Human Rights Dispute: Having It Both Ways?

LETTERS TO THE EDITOR

February 21, 1993

I am responding to a letter on your "Howard Viewpoints" page dated Jan. 24, entitled "Behind the Human Rights Dispute." In keeping with the purpose of "Viewpoints," I offer the following:

As a former chair of the Howard County Human Rights Commission, and as one of many who have attempted to protect the human rights of all citizens, I find myself under constant attack.

Commission member Robert Birdsong is currently continuing in his attempt to have it both ways. While outwardly professing to "pledge his full support" to Chairwoman Jan Nyquist, I have been told that several commissioners . . . met with the county executive following the nominating committee report that recommended Ms. Nyquist for chair.

I was told that at that meeting an effort was made to undermine the process of electing Ms. Nyquist to be chairwoman. If such a meeting was actually held, and if an attempt was made to interfere with the election process of the Human Rights Commission, then I believe true "reprehensible behavior" has occurred. In any event, we do know for a fact that Mr. Birdsong was nominated from the floor in direct opposition to the nominating committee report. There is no doubt that sexual orientation is and will continue to be a hotly debated issue.

Mr. Birdsong asserts "there is no role for the Human Rights Commission to play" during the appointment process. His statement is totally untrue. Section 12.202 (IX) of the Howard County Code clearly authorizes the commission to recommend civil rights policy to the county executive. Furthermore, the commission is authorized to promote human rights in every way possible. Lastly, such a statement blatantly contradicts the role of a democracy.

Mr. Birdsong asserts that I "resigned the chairmanship" because things didn't go my way. In reality, I resigned the chairmanship because I was ashamed to be chair, and at the same time afraid to resign knowing how some commissioners felt relative to gay and lesbian rights.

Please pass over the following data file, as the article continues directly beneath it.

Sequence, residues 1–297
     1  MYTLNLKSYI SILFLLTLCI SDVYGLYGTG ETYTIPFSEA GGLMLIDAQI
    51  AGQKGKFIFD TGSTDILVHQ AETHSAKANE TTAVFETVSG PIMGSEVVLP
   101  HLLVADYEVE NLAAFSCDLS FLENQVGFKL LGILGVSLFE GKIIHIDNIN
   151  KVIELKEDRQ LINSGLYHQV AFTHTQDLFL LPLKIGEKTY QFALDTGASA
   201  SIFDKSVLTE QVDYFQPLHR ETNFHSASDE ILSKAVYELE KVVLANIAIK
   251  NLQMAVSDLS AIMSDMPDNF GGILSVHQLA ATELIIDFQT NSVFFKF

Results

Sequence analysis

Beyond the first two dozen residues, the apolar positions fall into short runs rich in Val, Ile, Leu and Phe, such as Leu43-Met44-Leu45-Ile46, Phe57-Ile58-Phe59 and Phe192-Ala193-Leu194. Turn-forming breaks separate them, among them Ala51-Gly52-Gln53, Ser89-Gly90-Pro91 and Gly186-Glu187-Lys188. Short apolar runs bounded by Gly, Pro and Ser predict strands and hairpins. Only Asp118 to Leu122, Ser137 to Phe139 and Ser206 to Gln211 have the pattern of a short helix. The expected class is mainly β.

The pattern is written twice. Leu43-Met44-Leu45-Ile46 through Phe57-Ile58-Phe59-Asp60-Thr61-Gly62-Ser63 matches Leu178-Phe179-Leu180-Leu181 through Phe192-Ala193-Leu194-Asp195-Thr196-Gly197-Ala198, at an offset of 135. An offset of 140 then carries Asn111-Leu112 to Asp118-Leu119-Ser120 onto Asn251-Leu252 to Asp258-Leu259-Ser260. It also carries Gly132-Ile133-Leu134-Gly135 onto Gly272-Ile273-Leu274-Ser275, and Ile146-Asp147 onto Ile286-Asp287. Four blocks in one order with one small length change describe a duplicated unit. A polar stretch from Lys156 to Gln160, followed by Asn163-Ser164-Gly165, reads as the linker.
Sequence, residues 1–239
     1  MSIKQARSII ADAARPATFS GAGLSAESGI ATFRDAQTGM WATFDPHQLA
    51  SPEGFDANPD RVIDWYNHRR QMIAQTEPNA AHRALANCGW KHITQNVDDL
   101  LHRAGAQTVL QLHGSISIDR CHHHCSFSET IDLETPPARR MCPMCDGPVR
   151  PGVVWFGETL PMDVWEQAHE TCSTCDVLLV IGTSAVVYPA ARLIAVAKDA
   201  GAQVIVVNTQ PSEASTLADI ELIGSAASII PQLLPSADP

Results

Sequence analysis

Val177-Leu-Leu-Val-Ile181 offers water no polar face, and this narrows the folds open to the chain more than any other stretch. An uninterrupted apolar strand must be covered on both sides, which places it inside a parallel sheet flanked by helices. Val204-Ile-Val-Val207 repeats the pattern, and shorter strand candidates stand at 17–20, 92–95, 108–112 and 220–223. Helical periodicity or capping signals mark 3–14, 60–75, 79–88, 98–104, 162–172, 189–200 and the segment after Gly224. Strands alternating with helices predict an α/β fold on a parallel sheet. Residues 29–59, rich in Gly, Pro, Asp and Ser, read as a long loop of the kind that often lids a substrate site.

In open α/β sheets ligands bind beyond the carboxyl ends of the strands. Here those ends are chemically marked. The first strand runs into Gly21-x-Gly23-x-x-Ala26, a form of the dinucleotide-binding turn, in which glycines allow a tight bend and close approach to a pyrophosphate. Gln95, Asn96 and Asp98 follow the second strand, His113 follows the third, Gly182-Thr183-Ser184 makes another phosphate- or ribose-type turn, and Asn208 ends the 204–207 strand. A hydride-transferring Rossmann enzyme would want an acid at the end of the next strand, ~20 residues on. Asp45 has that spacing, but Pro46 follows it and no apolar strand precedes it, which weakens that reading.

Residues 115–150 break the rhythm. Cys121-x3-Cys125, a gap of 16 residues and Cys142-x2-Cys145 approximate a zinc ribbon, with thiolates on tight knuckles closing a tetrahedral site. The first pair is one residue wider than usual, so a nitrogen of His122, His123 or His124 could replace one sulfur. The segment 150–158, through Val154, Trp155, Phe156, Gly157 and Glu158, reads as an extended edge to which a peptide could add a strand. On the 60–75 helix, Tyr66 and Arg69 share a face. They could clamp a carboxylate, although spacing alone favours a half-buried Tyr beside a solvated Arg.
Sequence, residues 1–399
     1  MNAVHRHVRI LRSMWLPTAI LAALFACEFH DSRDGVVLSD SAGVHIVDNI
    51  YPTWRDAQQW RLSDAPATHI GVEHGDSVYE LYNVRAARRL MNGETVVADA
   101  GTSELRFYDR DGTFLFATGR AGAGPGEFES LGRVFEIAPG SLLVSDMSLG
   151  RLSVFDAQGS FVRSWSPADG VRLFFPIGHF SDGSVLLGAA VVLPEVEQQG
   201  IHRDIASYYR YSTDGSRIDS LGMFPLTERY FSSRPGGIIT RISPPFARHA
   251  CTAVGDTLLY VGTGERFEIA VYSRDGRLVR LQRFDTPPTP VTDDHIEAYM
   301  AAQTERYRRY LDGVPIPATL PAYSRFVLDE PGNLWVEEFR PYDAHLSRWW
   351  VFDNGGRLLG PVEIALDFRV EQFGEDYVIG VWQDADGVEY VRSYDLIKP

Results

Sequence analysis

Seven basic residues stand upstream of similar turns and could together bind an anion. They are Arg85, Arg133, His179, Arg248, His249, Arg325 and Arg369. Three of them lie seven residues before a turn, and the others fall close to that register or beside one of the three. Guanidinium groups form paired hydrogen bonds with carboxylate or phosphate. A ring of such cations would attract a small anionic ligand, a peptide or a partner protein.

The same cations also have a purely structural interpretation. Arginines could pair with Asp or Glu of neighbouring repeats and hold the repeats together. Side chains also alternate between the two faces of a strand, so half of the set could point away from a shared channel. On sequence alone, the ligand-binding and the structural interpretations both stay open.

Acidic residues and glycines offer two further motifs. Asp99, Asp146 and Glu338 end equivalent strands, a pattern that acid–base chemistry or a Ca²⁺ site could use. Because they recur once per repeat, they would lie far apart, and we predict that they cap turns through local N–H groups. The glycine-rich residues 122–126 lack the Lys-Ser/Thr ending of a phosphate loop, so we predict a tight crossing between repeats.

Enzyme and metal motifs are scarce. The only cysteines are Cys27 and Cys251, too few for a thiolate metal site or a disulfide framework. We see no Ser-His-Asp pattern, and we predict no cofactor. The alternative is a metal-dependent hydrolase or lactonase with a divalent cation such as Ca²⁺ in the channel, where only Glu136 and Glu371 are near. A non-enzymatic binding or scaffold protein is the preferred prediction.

Mr. Birdsong attempts to explain his vote regarding gay rights and again is caught trying to have it both ways. It is true that his statement "by way of background" included a unanimous vote in support of a gay or lesbian commissioner. However, he omits the bruising battle that was fought to gain unanimity. The only other time I fought so hard was in the Demilitarized Zone in Vietnam in 1967.

On July 30, 1992, Mr. Birdsong stated to the Columbia Flier he voted against the resolution simply because he did not feel it was the commission's task to suggest appointments.

When Mr. Birdsong was interviewed later by The Baltimore Sun, his story was changed to assert that another vote would have been "redundant." He omitted that he made the statement that he was sorry he voted for the first resolution supporting gays and lesbians as commissioners. . . .

I believe there has been an attempt to smear me -- accusing me of saying the county executive was anti-gay rights because he refused to appoint Bob Healy. I recall telling the county executive I believed he had discriminated against Mr. Healy, because the county policy states all persons shall have an equal opportunity to pursue their lives free of discrimination.

The county executive was quoted as saying a gay commissioner would be too controversial. As chairperson, I was placed on a collision course with the county executive and many of his

supporters. If I had not been chair, I would have still responded in the same manner. . . . Mr. Birdsong is a lawyer and is quite adept at attempting to lay out his version of the full story. I am attempting to get the "true" story out relative to the dispute that rages among some human rights commissioners.

Frankly, I had thought that we as commissioners had put this issue behind us. Clearly, I have been provoked and apparently while a scab had formed over my wound, Mr. Birdsong's wound apparently continues to fester.

. . . If Mr. Birdsong resigns with a pledge to remain off of the commission, I too will resign the moment he does. I believe these two resignations will ensure an attempt to improve human rights throughout the county. I also believe the remaining commissioners, some of who followed Mr. Birdsong's lead, would then have a chance to truly become more productive.

In closing, if I offended anyone by my defensive tactics, I did not intend to be hurtful. We are locked in a difficult struggle, a struggle I believe is only beginning. As a combat Marine, I always think back to an old Marine adage: When you're up to your neck in alligators, you tend to forget that your primary mission was to drain the swamp.

There is no room for any bigotry within the ranks of the Human Rights Commission.

Roger W. Jones

Columbia

The writer is a member and former chairman of the Howard County Human Rights Commission.

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